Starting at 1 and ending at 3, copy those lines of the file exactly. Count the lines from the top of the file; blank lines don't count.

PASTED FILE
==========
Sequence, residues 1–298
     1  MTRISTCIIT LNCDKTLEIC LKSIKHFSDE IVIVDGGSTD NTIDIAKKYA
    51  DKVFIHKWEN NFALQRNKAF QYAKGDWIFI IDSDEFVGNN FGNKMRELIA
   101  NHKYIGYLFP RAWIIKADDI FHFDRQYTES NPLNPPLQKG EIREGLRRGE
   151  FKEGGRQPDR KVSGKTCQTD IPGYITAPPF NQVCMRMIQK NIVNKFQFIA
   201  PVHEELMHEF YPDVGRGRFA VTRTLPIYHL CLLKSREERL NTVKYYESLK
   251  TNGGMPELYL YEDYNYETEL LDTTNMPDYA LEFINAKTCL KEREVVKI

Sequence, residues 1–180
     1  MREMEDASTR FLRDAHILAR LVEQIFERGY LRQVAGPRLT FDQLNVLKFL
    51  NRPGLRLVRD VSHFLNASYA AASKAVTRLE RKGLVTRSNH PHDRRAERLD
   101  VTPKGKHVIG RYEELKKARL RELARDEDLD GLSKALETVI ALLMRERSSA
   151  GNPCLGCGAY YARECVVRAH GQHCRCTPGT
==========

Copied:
Sequence, residues 1–298
     1  MTRISTCIIT LNCDKTLEIC LKSIKHFSDE IVIVDGGSTD NTIDIAKKYA
    51  DKVFIHKWEN NFALQRNKAF QYAKGDWIFI IDSDEFVGNN FGNKMRELIA